sixty-one (revolutionary etude, for the left hand)

by nike, November 1, 2015
Sonata artwork by Christian Schloe

‘Sonata’ by Christian Schloe

There are an enormous number of general empirical propositions that count as certain for us. One such is that if someone’s arm is cut off it will not grow again (L Wittgenstein, On Certainty)

There were nine of them to begin with. Children, that is. Ten, if you count poor Dora, dead before she began. There were seven grand pianos. (Fewer pianos than pianists to play them). Five girls and five boys, each golden. Each enchanted. Four of them doomed. Five, if you count that arm that will not grow again.

Dora, as you already know, died at birth (1876 -1876). There is little that can be said. Her musical talents, her ear for chords, her wit or beauteous temperament, her kindness or cruelty, remain unknown.

Hans (1877-1902), the oldest of the boys, went to America and disappeared at sea. The first word he ever spoke was, they say, ‘Oedipus’. Once, when walking in the park with his sister Hermine, he had tried to imagine a pavilion made of diamonds, but could only imagine it in miniature. ‘I cannot continue,’ he said. ‘I cannot imagine my diamond pavilion any bigger than this. Can you?’

‘Of course,’ Hermine answered, ‘what is the problem?’

‘Well,’ Hans replied, ‘there is no money left to buy any more diamonds.’

He went canoeing in Chesapeake Bay and was never seen again. Or he went on a boat. Or there was a gun. It took a year for the family to accept that he had died. That he was never coming home.

Rudi (born in 1881) was 22 years old when he went to a bar in Berlin and asked the pianist to play Verlassen, verlassen, verlassen bin ich. Imagine him in the modern ballet version of the family’s life, in black tights, gleaming like leather, shirtless and effete. Camp as a row of tents, he gestures towards his lover’s grave and drinks his milk and cyanide. (Did I mention that Hans, too, was queer? Well, what did you expect?)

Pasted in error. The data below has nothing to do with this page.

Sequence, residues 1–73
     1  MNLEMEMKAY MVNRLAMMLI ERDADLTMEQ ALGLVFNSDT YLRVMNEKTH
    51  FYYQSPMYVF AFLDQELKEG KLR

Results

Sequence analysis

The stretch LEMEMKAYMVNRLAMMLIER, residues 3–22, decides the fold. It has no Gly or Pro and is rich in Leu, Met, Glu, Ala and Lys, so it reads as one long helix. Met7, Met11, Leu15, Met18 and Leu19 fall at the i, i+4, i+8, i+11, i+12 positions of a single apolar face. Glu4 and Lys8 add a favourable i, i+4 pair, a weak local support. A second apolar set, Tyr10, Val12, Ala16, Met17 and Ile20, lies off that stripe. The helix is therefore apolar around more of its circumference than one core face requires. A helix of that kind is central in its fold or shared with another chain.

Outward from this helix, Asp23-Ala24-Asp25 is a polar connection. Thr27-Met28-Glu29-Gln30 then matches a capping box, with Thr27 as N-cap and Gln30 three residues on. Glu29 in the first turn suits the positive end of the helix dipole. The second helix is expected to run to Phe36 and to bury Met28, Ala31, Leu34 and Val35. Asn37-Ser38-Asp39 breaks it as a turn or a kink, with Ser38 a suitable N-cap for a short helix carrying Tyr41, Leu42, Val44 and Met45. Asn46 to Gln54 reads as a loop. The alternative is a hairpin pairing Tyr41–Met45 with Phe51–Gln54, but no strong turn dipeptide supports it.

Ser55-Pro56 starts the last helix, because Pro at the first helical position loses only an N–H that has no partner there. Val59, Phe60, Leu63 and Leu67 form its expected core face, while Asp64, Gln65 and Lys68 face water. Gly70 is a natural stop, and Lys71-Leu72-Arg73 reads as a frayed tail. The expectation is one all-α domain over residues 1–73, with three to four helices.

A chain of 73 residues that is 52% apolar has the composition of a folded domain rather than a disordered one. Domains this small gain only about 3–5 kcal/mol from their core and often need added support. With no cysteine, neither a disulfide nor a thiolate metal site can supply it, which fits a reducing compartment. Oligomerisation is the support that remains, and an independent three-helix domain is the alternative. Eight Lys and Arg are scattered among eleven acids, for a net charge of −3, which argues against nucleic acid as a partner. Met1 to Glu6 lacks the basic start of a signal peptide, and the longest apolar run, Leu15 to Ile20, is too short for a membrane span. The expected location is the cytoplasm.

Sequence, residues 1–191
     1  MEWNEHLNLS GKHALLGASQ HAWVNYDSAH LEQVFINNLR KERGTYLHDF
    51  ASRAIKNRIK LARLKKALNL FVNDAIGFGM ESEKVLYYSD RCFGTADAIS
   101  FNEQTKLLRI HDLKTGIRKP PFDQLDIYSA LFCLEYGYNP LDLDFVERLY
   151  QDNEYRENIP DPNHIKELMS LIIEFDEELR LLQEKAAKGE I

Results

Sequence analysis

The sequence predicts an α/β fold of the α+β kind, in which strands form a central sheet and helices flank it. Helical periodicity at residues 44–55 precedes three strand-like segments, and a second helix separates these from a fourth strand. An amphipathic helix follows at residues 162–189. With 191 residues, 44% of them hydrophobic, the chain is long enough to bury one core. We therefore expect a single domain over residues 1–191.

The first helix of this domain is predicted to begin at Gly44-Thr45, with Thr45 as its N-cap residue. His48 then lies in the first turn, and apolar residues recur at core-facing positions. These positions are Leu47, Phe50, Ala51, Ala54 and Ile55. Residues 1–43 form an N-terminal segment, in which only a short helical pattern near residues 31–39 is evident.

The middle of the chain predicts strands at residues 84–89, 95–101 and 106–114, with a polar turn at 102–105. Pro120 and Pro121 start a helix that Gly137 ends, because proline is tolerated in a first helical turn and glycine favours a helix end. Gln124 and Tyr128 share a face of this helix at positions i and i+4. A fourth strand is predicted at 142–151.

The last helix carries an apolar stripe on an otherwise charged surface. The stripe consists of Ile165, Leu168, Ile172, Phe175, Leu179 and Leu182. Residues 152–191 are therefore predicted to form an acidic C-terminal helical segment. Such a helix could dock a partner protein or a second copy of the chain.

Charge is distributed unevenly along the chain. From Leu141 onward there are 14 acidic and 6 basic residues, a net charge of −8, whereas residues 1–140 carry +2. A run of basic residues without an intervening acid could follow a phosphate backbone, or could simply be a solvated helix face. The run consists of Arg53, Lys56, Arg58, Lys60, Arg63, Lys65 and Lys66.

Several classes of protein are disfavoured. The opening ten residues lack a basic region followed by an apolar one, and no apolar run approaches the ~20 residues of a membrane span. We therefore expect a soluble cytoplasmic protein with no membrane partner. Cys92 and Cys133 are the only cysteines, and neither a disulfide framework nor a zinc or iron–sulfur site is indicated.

Kurt (1878-1918), an officer, spent most of the war in Göding, where:

to the far-off colourless sky there ran long empty boulevards lined by large poplars, rising so disproportionately large and sad, but for all that I have often have a feeling of unutterable, asphyxiating solitude …

The oldest of Kurt’s sisters, Hermine, (who had once written that there was no depth to his character, “but since you don’t expect to find any, you don’t miss it either”) wrote that he ‘fell’ on 27th September, but the date is unclear. He died (according to the family’s correspondence) in either September, October or November. The troops under his command deserted him. He stood alone at the Italian front and shot himself. A clean, swift death.

(There are others: Gretl’s husband, Jerome, who shot himself in the head with a rifle. Helene who died of cancer, Helene’s daughter of cancer, Helene’s son of polio. It goes on and on and on …).

And then there is Paul, born in 1887, who did not die, but was shot in the right elbow during the first world war. He had already launched his glittering career as a concert pianist (Remember, there were seven grand pianos in the Wittgenstein home: more pianos than there were pianists to play them, in the end). His debut was bought and  paid for, and held in Vienna’s incomparable Grosser Musikvereinsaal. He had a tantrum before he walked on stage, tore his sheet music into pieces and stamped his feet like a child. He was somewhere between Galicia and the Russian border when a bullet shattered his joint. It was August 1914. He was unconscious, in the field hospital, when the arm was amputated. Two months later his philosopher-brother wrote:

I keep having to think of poor Paul, who has so suddenly lost his career! How terrible. What philosophy is needed to get over it! If only this can be achieved in any other way than suicide!

But Paul was made of different, perhaps sterner, stuff. He learned, as many other amputees learned, to dress himself. To eat and wash and walk. And to play with only his left hand. His own arrangements, at times–the first was Chopin’s Revolutionary Etude–but later he commissioned work from the great composers of his day: Prokofiev and Ravel. He was fierce, and intensely self-critical. A man turned in upon himself. When, in 1931, Prokofiev sent him the score for his Fourth Piano Concerto, Paul wrote back:

Thank you for the concerto, but I do not understand a single note in it, and I will not play it.

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